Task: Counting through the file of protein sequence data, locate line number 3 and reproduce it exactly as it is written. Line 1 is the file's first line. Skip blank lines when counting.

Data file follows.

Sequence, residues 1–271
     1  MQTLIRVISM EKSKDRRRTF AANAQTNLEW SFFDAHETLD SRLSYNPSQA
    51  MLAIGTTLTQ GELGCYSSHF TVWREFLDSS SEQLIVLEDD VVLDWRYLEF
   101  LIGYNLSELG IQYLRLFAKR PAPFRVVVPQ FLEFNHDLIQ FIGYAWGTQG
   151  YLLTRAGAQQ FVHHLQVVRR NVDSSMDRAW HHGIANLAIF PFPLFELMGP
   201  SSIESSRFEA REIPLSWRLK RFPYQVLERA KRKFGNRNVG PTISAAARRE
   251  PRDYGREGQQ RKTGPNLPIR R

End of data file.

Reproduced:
    51  MLAIGTTLTQ GELGCYSSHF TVWREFLDSS SEQLIVLEDD VVLDWRYLEF